-Build the Gonda
(Goldschmied) Neuroscience and
-Endow the Neuropsychiatric Institute with a $25 million gift from Terry S. Semel, chief executive officer of Yahoo! Inc., and his wife, Jane Bovingdon Semel, founder of a nonprofit production company that addresses public-health issues through entertainment. The newly named Semel Institute for Neuroscience and Human Behavior is among the world's most comprehensive neuroscience centers, where faculty from multiple disciplines seeks to understand the human brain, develop effective treatments for neurological and psychiatric disorders, and improve access to mental health services.
-Help build the
-Build the Eli and
-Build Glorya Kaufman Hall, home of the UCLA Department of World Arts and Cultures and the nation's premier dance center for teaching and performance. The facility, which opened in the fall of 2005, was made possible by an $18 million gift from Kaufman, a philanthropist and arts patron.
"Campaign UCLA highlights the power of private giving, providing a lasting legacy for the donor," Campaign UCLA Chairman Bob Wilson said. "Every gift, no matter the size, can have a direct and positive effect on the life of a student, the work of a faculty member or the scope of groundbreaking research, thereby enhancing UCLA's ability to serve the public good."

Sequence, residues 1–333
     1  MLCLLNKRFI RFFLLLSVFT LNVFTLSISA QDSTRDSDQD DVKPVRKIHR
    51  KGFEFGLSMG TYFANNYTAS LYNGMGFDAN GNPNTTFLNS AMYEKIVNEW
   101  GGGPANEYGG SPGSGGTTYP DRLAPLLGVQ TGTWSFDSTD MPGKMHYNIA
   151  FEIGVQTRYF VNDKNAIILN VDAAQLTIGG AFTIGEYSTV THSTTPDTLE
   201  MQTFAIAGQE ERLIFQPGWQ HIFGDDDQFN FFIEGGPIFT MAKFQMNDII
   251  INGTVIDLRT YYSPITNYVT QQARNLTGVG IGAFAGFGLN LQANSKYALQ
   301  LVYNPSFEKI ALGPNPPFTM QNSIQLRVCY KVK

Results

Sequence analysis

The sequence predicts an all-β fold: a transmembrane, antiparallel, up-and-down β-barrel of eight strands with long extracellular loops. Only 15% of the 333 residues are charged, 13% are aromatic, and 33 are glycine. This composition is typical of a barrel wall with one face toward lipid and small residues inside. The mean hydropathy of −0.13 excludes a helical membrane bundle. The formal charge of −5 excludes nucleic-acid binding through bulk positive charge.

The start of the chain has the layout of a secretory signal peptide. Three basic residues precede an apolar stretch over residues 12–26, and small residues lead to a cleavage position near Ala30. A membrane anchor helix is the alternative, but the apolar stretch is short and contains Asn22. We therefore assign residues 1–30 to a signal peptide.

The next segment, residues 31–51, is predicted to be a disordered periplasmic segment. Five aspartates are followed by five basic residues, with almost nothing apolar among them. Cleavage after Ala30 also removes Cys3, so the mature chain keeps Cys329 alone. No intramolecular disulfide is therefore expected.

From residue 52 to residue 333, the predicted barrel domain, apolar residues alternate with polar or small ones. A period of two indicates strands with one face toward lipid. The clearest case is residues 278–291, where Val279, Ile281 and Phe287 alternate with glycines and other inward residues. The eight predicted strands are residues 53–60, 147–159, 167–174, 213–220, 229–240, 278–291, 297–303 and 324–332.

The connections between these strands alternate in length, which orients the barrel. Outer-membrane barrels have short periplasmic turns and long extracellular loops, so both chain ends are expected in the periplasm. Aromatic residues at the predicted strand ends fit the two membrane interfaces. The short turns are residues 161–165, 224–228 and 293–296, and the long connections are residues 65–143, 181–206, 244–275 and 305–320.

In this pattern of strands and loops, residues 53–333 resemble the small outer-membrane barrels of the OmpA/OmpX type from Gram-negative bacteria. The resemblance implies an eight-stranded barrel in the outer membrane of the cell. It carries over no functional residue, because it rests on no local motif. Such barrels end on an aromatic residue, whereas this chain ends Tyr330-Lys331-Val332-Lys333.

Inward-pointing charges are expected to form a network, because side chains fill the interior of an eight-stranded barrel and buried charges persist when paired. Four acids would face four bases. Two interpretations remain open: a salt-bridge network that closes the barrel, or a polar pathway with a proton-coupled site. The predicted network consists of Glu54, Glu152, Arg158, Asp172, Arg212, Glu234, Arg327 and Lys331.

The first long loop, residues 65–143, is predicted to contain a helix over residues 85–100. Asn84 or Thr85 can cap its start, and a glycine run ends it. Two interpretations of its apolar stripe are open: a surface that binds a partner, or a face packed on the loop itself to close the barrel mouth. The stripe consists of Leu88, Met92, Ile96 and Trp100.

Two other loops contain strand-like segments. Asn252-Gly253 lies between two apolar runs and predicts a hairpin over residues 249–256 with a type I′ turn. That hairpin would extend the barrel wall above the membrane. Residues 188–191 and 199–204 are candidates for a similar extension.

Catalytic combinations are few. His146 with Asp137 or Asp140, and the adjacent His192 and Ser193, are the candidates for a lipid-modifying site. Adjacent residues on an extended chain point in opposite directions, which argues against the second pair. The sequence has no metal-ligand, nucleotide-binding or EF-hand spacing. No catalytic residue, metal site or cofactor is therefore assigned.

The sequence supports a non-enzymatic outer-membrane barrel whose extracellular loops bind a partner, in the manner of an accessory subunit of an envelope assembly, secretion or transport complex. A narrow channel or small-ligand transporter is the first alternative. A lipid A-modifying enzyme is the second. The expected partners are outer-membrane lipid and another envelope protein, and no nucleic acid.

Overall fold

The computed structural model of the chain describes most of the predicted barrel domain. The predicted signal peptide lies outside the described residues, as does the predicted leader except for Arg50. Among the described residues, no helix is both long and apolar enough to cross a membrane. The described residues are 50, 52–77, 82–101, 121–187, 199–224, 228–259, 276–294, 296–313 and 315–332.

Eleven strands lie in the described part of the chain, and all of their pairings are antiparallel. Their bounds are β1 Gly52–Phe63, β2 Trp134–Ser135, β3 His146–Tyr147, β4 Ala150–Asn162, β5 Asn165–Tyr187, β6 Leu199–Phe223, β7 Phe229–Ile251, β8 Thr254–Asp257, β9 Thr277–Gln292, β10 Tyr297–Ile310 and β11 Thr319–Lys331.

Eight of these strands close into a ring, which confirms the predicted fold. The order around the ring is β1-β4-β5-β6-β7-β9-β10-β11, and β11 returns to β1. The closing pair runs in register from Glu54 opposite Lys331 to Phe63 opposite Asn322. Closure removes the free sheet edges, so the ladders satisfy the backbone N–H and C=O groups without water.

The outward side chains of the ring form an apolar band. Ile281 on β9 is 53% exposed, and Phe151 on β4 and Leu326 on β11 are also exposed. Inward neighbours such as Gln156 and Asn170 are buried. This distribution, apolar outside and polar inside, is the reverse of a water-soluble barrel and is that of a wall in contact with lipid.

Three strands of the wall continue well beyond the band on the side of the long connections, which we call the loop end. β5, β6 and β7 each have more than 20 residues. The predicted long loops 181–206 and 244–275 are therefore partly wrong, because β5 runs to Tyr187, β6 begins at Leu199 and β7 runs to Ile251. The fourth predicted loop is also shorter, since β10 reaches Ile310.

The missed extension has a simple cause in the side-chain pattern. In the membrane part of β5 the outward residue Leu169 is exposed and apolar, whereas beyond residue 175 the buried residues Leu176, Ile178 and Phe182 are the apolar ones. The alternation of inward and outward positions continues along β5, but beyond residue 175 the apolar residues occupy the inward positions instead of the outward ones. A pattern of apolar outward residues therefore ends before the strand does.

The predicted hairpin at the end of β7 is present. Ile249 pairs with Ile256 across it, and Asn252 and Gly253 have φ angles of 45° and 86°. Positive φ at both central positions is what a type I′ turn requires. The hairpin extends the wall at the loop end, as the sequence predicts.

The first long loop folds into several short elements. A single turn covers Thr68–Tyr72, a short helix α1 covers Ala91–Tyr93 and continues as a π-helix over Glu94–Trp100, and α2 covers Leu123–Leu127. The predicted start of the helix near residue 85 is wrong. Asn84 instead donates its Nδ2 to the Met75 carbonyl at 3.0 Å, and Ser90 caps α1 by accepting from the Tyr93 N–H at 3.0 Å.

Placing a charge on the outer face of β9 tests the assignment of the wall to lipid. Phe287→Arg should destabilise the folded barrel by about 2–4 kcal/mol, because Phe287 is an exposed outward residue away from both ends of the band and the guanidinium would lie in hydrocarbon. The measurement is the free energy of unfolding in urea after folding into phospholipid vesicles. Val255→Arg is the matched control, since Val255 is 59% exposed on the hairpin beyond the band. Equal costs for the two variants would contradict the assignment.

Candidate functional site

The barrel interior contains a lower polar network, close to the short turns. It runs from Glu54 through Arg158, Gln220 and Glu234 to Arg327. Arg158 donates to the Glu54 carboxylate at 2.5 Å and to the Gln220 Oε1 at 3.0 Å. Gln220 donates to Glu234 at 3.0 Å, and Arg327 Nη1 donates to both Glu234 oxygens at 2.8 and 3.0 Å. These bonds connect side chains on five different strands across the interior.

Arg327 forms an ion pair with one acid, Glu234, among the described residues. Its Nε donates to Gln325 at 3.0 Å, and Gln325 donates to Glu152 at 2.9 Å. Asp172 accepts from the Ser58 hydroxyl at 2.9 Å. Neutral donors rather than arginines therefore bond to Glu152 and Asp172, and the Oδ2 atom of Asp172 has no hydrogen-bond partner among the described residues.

Vice Chancellor of External Affairs Michael Eicher, who oversaw Campaign UCLA, emphasized the importance of the partnerships needed to identify funding priorities and raise more than $3 billion.
"It takes a great deal of dedication and collaboration among campus leadership, faculty, alumni, donors, volunteers and development staff to ensure that money is raised for the areas where it's needed most to help sustain our broad-based excellence," Eicher said. "The results of Campaign UCLA illustrate what can be accomplished when we work together."
"The role of private giving and the engagement of faculty in philanthropic efforts are increasingly important as the funding gap between public and private universities widens," said mechanical and aerospace engineering professor Adrienne Lavine, head of the UCLA Academic Senate. "Campaign UCLA benefited every segment of the institution, including faculty, and helped to secure UCLA's long-term future among the world's leading research universities."
Chancellor Carnesale noted that state funding constitutes less than 15 percent of UCLA's $3.6 billion operating budget, down from almost 21 percent in 1997. In addition, he said, UCLA competes for faculty and students against private universities with far greater financial resources.
"The success of Campaign UCLA is a great testament to our extraordinary faculty and students," Carnesale said. "Private giving is critical if we are to continue to attract the best and the brightest."
To mark the close of Campaign UCLA, the campus is planning a series of events to thank volunteers and donors, and to highlight the universitywide impact of the landmark campaign.